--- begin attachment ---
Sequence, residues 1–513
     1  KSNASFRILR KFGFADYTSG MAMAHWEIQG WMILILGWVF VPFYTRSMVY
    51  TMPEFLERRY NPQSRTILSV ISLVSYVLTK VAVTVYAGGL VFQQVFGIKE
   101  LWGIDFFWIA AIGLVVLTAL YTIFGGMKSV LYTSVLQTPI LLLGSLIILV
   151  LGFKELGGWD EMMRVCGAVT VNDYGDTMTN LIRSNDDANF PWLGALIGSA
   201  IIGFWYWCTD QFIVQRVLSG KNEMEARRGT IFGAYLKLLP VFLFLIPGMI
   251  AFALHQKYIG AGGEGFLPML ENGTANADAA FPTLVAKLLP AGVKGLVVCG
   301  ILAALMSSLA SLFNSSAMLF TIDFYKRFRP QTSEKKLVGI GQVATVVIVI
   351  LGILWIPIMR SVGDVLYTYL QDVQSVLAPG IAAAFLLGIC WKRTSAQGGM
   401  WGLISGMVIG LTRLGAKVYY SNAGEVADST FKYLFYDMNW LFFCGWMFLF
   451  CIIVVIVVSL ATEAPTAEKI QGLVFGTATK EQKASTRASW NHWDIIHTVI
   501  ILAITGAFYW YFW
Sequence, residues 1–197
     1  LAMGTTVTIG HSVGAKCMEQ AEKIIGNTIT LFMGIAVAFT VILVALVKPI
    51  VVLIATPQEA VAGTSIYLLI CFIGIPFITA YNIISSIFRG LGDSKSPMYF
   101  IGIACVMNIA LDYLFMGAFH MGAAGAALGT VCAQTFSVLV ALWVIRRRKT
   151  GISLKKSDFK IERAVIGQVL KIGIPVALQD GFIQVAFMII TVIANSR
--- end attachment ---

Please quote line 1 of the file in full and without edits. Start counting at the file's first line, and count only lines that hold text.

Sequence, residues 1–513